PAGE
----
Sat, May 1, 2004
A call to ban neck manipulations

It can be a pain in the neck, if you will, sifting through the claims and counterclaims that litter the battleground between medical doctors and chiropractors.

The perennial spat between the two groups of health professionals flared up again yesterday when Edmonton neurologist Dr. Brad Stewart took aim at one aspect of chiropractic treatment.

Stewart held a press conference asking Health Minister Gary Mar to ban chiropractic upper-neck manipulation.

The procedure can cause strokes and other serious complications and is sometimes fatal.

Patients need not expose themselves to a potentially dangerous treatment that has no benefit, Stewart argued.

The vast majority of people can get relief from uncomplicated neck and back pain through massage or physiotherapy, Stewart said.

"No one will be deprived in any way if this procedure is withdrawn," he insisted. "No one has ever died because they didn't have their neck manipulated."

Joining him at the press conference were the widow and two sons of Dr. Ron Grainger, a 69-year-old Calgary physician who died of a stroke in 2001 after a neck manipulation.

His family believes the chiropractic procedure caused his stroke. Les Shaw, president of the College of Chiropractors of Alberta, says the stroke had nothing to do with Grainger's neck manipulation.

In the end, who really knows? But there have been other unexpected deaths after chiropractic neck adjustments in recent years and neurologists are sounding the alarm.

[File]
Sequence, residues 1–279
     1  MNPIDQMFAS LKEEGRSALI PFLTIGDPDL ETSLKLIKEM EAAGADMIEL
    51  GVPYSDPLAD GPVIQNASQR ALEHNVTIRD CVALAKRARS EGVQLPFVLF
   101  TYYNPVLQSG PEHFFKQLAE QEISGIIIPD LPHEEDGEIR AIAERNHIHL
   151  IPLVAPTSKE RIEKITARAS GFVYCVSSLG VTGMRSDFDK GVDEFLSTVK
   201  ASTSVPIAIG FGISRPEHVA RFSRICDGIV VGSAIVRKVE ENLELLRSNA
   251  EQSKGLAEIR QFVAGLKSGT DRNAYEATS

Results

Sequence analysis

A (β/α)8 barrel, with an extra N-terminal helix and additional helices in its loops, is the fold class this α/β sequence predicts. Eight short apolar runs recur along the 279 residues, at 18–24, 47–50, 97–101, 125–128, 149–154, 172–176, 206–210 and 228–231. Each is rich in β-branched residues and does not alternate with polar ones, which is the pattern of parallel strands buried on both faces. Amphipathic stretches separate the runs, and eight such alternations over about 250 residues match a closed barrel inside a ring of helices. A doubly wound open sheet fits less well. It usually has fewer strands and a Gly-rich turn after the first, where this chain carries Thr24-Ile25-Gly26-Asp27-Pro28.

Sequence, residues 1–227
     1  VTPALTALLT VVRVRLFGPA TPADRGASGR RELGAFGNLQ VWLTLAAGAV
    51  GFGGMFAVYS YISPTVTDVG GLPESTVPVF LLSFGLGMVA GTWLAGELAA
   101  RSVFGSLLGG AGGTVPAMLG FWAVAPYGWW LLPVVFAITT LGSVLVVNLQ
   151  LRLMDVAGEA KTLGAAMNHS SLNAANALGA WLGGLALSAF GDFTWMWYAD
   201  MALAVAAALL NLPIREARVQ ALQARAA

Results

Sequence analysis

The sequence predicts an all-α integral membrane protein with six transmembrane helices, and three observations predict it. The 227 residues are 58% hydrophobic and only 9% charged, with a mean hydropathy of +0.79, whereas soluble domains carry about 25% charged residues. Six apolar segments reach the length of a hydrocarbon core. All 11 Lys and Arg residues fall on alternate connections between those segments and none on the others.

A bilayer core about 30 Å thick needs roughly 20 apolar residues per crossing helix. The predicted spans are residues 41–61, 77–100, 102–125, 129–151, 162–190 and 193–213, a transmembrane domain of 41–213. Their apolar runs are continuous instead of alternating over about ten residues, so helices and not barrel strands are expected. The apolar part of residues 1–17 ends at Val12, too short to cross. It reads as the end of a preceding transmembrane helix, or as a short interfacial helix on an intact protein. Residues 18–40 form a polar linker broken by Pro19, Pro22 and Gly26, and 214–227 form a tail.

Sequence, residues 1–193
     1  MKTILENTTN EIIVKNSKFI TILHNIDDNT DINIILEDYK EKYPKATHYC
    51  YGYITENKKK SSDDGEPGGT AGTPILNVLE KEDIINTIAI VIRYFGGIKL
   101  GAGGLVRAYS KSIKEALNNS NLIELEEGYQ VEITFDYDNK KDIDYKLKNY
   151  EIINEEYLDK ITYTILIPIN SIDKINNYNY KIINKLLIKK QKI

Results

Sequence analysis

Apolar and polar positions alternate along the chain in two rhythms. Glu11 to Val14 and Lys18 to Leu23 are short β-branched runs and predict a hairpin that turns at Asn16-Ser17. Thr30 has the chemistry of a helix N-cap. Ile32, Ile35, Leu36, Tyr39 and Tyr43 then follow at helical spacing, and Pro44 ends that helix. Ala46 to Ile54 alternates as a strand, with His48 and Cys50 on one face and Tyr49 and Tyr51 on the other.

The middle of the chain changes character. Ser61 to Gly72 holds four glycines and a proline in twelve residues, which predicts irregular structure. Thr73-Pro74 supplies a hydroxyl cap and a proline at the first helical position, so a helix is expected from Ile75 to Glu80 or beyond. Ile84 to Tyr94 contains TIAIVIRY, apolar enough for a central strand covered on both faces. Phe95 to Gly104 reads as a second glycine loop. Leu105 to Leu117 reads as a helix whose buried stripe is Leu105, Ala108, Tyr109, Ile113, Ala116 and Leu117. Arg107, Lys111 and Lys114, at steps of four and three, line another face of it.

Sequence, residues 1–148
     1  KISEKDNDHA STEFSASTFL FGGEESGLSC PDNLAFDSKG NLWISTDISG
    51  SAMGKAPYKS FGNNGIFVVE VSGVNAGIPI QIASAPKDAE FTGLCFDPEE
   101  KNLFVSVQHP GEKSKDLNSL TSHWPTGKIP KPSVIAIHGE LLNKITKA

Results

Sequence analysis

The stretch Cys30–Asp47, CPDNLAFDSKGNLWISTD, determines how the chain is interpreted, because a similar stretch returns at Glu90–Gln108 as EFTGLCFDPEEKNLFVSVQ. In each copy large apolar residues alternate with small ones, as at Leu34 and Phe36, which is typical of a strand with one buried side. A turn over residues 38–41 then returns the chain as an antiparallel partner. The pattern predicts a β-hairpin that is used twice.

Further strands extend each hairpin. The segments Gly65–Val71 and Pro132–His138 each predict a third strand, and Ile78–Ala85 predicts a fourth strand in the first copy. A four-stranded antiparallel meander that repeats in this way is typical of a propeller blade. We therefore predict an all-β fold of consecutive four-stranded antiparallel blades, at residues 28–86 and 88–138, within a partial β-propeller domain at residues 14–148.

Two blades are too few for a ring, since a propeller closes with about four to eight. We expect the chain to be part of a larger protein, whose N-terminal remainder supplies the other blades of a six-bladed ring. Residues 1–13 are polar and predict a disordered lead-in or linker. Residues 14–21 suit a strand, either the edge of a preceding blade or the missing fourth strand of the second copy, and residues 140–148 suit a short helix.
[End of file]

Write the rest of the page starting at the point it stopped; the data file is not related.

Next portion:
In 1996, a 45-year-old Toronto woman suffered a stroke and died a couple of weeks after having a neck adjustment for migraines.

In January, a coroner's jury ruled her death was accidental and not due to natural causes. Among its recommendations, the jury proposed that chiropractors obtain written, informed consent from patients before performing the procedure.

In Saskatchewan, in 1998, a 20-year-old woman fell unconscious and died from a torn artery following a neck manipulation for lower-back pain.

Medical doctors look after the "disasters" that occur after neck manipulations, said Stewart, who tried to save the young woman's life.

Studies have documented "countless" incidents of strokes and other serious consequences of neck adjustments, he said.

There are chiropractors who agree that such procedures are potentially dangerous but they're afraid to speak out, fearing a backlash from chiropractic regulators who support neck manipulation "from cradle to grave," he claimed.

"There is not a single reason why someone with no neck pain to begin with or at most a headache, should have a stroke and die," said Stewart. Well, perhaps not, but complications set in and people die routinely from adverse events associated with all sorts of medical procedures.

Shaw, of the College of Chiropractors of Alberta, pointed out that there is a far greater risk of serious complications from anti-inflammatory drugs than chiropractic adjustments.

"We have never denied that there is a risk," said Shaw. But the risk is negligible and most doctors refer patients to chiropractors, he said.

Mar is staying out of the dispute, said a Health Ministry spokesman, adding the minister relies on the professions' regulatory bodies to set safety standards.

Ironically, Grainger advised his patients not to have neck manipulations, said his widow, Madeline. But he sought help from a chiropractor because he was "desperate," she said.

Quibble all you want about risk. In the end, people in excruciating pain will do just about anything to stop it.